So I think she seems just fine.

                      I'm also a big fan of starting the bigger/heavy horses later. Despite my love for OTTBs, I don't like that they are started so early [with respect to racing, not that they go to off the track careers soon after "retirement"].
                      Last edited by melodiousaphony; Dec. 5, 2007, 09:53 PM. Reason: clarity
                      ~T3DE 2010 Pact Clique~

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                      • Original Poster

                        #12
                        Originally posted by Dixon View Post
                        Showing a sale horse video to anyone invites negative comments, because in case they or someone they represent might subsequently want to buy the horse, they'd want to negotiate the price DOWN. If you just want flowery praise, show the video to your non-horsey friends and family. But if you show it to dressage people, expect some criticism.
                        Actually, neither of these people who made comments were "shoppers". I can't really say what their relationship was to me or the mare without getting too personal.

                        And,as far as I'm concerned, any BUYER who doesn't like where she's at in her training isn't the kind of person I want to sell her to in the first place.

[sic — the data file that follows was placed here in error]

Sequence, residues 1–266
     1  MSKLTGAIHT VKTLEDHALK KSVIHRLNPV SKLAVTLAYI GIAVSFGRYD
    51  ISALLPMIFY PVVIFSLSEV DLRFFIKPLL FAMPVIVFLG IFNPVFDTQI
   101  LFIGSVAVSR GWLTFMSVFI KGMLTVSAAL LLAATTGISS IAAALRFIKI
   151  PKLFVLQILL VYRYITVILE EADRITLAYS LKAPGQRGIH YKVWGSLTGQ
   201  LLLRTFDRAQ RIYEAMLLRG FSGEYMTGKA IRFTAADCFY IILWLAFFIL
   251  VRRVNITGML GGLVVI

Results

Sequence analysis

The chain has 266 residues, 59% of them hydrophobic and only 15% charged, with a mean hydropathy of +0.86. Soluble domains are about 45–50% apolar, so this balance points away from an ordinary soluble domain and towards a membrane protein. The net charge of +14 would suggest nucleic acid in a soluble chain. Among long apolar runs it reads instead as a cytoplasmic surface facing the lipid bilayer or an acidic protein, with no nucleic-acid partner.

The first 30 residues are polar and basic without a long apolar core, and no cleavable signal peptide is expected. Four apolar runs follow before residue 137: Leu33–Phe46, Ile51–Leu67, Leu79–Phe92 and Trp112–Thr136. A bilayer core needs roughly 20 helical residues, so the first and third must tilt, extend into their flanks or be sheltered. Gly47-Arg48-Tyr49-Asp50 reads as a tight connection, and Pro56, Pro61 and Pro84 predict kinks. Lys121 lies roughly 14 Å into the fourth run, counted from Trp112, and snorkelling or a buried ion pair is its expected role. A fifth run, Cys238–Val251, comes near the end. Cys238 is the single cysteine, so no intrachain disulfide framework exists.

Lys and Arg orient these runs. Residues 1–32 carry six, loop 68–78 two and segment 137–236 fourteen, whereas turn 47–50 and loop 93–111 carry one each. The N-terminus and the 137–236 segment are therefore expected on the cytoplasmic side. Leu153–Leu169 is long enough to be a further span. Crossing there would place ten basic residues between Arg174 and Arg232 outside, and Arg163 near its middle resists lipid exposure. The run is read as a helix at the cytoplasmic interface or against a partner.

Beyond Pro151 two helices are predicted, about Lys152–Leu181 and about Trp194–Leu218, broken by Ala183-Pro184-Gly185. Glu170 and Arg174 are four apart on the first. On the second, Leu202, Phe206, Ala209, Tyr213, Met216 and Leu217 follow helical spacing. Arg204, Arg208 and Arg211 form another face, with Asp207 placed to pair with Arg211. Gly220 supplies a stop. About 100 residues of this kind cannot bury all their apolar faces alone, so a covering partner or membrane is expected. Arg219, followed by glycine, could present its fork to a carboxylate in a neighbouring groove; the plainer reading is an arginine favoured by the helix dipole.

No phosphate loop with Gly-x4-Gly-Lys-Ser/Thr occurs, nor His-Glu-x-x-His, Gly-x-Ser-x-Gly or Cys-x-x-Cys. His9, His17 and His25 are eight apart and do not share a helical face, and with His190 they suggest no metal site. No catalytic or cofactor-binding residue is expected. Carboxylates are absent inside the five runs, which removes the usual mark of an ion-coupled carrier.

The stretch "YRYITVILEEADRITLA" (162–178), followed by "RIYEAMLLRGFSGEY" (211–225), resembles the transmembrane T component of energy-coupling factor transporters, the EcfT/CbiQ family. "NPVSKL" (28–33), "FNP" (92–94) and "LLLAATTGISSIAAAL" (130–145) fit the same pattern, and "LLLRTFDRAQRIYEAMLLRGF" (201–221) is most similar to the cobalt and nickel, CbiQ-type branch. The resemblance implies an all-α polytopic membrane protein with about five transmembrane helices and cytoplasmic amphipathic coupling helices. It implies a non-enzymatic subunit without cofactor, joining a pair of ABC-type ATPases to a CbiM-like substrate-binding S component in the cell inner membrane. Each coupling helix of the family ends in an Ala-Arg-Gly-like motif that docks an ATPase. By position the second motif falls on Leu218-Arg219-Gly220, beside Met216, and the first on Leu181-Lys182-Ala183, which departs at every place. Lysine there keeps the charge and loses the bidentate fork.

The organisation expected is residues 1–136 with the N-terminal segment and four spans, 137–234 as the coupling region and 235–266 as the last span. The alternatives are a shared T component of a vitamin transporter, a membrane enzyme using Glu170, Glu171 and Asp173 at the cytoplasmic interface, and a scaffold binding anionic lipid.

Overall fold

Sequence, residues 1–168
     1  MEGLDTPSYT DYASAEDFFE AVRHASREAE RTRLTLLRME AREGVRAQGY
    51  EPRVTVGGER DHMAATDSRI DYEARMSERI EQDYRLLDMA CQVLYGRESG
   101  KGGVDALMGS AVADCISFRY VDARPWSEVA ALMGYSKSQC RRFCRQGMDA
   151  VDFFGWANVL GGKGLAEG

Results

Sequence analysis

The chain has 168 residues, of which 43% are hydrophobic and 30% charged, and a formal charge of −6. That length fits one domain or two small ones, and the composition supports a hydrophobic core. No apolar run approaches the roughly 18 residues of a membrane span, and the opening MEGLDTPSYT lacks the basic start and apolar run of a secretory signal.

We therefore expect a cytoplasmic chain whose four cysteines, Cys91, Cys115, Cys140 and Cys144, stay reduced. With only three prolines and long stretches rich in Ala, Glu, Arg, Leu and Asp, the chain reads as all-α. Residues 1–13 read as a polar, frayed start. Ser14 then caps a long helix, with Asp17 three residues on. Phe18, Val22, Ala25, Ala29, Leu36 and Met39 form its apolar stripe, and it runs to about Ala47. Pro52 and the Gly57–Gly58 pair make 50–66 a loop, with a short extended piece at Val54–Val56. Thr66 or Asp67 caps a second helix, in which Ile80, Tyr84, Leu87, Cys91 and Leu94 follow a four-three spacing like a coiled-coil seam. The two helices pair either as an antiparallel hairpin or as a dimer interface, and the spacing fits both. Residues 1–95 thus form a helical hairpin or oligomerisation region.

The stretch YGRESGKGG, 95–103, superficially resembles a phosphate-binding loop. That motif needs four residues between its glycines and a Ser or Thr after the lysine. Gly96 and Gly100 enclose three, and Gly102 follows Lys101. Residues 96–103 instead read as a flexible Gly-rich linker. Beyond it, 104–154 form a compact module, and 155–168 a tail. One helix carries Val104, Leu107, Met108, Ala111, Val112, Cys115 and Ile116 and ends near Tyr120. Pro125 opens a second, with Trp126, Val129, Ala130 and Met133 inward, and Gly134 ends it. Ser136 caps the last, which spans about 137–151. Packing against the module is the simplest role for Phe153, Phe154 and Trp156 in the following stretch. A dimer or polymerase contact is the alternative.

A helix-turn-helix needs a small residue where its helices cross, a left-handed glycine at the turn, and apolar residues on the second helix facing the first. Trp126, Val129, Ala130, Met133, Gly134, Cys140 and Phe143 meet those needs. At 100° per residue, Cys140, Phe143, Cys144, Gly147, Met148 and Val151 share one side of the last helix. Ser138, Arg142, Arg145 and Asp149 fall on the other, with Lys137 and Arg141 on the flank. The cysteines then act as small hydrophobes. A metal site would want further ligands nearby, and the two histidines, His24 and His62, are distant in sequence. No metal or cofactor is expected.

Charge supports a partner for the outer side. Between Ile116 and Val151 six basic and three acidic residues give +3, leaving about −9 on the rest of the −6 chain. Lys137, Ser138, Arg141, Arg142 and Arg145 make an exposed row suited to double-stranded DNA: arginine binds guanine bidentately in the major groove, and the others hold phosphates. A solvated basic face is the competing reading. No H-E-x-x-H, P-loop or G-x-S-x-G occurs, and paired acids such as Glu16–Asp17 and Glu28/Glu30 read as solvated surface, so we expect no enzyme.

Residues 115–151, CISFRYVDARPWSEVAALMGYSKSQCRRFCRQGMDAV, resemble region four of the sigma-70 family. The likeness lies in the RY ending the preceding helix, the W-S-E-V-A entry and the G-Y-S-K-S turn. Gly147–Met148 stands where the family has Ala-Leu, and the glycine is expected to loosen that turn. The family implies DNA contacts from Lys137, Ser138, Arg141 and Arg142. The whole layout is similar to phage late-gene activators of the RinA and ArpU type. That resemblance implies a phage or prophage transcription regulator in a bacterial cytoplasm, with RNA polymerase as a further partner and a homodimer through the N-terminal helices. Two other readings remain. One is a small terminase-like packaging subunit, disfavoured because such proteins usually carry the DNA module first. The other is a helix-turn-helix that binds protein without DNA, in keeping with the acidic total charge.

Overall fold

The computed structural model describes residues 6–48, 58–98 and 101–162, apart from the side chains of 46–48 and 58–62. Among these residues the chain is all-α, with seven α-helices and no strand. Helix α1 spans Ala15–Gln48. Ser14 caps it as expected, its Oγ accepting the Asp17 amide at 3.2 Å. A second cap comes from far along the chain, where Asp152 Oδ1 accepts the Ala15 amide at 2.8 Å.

Again, I'm not looking for wild praise of her ability -- I strongly suspect she isn't going to make this year's Olympic team -- I just wanted a reference check on what one can honestly expect from this amount of training...that's all.

                        Comment


                        • #13
                          I have been watching the progress of a six year old, just started u/s mare. She has 60 days under saddle now, and is walking and trotting (cantering when offered but hasn't been asked yet). Her owner would LOVE to see her going as well as your mare is. I think you have a great "greenie" getting the appropriate amount of forward and training.

                          Not sure what the "dressage" people you showed the video are thinking. I very much think you are on the right track!

                          Comment


                          • #14
                            She is right on track and a lovely girl. I have several young horses right now, some younger some older, and she looks to be going very nicely. I think the girl riding her has done a great job! DO NOT LISTEN TO YOUR FRIENDS! Also, 3 days of arena work and a trail ride and free jump is EXACTLY the way to do it. You do not want young horses to get board with the same old same old. You want the "What are we gonna do today!" Actually, I am hoping to show my horse GP next year and that is pretty much how I work him, minus the jumping 'cause he doesn't have any talent. I don't want him to resent the work. Best of luck with her!

                            Comment


                            • #15
                              FWIW

                              from my very limited experience helping a few breeders/friends on occasion with their young ones I can say that the experience of marketing a dressage prospect is daunting until the horse gets enough mileage to have at least schooling show scores that substantiate it's quality.